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But lest I fall by subtler foes,
Bright Wisdom! teach me Curio's art,
And quell the rebels of the heart.
THE MIDSUMMER'S WISH.
BY THE SAME.
O PH BUS! down the western sky,
Far hence diffuse thy burning ray,
And wake them to the cares of day.
Come, gentle Eve, the friend of Care,
Come, Cynthia, lovely queen of night;
And cheer me with a lambent light.
Lay me where o'er the verdant ground
Her living carpet Nature spreads ;
In showers its fragrant foliage sheds.
Improve the peaceful hour with wine,
Let music die along the grove; Around the bowl let myrties twine,
And every strain be tuned to love.
Come, Stella, queen of all my heart!
Come, born to fill its vast desires ! Thy looks perpetual joys impart,
Thy voice perpetual love inspires.
Whilst all my wish and thine complete,
By turns we lauguish and we burn, Let sigling gales our sighis repeat,
Our murmurs-murmuring brooks return.
Let me, when Nature calls to rest,
And blushing skies the morn foretel, Sink on the down of Stella's breast,
And bid the waking world farewell.
BY THE SAME.
ALAS! with swift and silent pace
Impatient Time rolls on the year; The seasons change, and Nature's face
Now sweetly smiles, now frowns severe.
'Twas Spring, 'twas Summer, all was gay,
Now Autumn bends a cloudy brow; The flowers of Spring are swept away,
And Summer fruits desert the bough.
The verdant leaves that play'd on high,
And wanton'd on the western breeze, Now, trod in dust, neglected lie,
As Boreas strips the bending trees.
The fields that waved with golden grain,
As russet heaths, are wild and bare; Not moist with dew, but drench'd in rain,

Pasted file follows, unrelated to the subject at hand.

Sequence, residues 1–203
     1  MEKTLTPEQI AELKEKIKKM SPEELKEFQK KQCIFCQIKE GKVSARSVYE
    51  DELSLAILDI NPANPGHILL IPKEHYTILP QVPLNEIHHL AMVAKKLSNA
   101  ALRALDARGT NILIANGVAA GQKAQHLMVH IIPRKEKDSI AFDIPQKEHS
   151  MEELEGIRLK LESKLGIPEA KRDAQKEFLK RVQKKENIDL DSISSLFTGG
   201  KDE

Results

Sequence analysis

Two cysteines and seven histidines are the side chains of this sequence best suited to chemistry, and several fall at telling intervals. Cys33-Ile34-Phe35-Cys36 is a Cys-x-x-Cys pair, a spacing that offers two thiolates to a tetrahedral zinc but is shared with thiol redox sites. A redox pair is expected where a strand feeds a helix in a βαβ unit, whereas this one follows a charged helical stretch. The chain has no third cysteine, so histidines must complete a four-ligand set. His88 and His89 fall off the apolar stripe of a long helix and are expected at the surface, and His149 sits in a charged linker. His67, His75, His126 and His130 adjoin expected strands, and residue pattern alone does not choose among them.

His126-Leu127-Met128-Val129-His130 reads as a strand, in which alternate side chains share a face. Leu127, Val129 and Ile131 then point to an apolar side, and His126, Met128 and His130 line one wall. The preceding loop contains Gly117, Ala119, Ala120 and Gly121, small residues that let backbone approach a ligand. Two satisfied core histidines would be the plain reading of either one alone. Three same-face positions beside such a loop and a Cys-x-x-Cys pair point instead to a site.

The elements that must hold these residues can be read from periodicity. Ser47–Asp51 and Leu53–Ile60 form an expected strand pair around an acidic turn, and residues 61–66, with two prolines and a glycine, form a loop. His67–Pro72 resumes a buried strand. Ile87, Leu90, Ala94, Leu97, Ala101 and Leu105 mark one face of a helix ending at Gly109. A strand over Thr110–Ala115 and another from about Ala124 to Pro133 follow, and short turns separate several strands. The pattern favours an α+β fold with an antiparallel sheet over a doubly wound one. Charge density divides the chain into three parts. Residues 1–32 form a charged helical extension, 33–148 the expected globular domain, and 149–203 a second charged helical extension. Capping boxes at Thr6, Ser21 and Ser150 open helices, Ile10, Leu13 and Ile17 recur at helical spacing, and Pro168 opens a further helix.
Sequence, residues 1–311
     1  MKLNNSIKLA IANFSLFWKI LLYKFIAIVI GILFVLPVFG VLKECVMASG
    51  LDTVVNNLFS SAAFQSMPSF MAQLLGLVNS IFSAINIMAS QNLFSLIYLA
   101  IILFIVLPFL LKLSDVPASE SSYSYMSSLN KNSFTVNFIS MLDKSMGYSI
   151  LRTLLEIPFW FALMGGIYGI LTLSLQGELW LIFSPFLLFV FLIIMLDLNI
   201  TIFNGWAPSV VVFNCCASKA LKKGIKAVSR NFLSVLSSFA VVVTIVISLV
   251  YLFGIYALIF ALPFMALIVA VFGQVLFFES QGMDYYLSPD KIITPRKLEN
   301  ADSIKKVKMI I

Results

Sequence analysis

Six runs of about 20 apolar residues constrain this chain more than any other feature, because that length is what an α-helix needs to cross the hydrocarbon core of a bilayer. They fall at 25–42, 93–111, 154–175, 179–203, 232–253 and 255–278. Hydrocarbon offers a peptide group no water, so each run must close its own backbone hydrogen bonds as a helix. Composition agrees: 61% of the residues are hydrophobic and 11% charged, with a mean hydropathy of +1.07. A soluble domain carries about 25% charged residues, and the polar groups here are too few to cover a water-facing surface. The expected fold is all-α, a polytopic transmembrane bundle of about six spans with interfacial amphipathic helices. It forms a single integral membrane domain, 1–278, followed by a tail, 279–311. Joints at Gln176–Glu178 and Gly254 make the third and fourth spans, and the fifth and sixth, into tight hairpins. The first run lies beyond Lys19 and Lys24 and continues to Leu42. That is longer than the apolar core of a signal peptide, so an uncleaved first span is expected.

Nor Health, nor Pleasure wanders there. No more while through the midnight shade,
Beneath the moon's pale orb I stray, Soft pleasing woes my heart invade,
As Progne pours the melting lay.
From this capricious clime she soars ;
0! would some god but wings supply, To where each morn the Spring restores,
Companion of her flight, I'd fly.
Vain wish! me fate compels to bear
The downward season's iron reign; Compels to breathe polluted air,
And shiver on a blasted plain.
What bliss to life can Autumn yield,
If glooms, and showers, and storms prevail; And Ceres flies the naked field,
And flowers, and fruits, and Phoebus fail?
Oh! what remains, what lingers yet,
To cheer me in the darkening hour! The grape remains! the friend of wit,
In love and mirth of mighty power.
Haste-press the clusters, fill the bowl;
Apollo ! shoot thy parting ray: This gives the sunshine of the soul,
This god of health, and verse, and day.
Still-still the jocund strain shall flow,
The pulse with vigorous rapture beat: My Steila with new charms shall glow,
And every bliss in wine shall meet.
W I N T E R.
BY THE SAME.
No more the morn with tepid rays
Unfolds the flower of various hue: Noon spreads no more the genial blaze,
Nor gentle eve distils the dew.
The lingering hours prolong the night,
Usurping darkness shares the day; Her mists restrain the force of light,
And Phæbus holds a doubtful sway.
By gloomy twilight half reveald,
With sighis we view the hoary hill, The leafless wood, the naked field,
The snow-topt cot, the frozen-rill.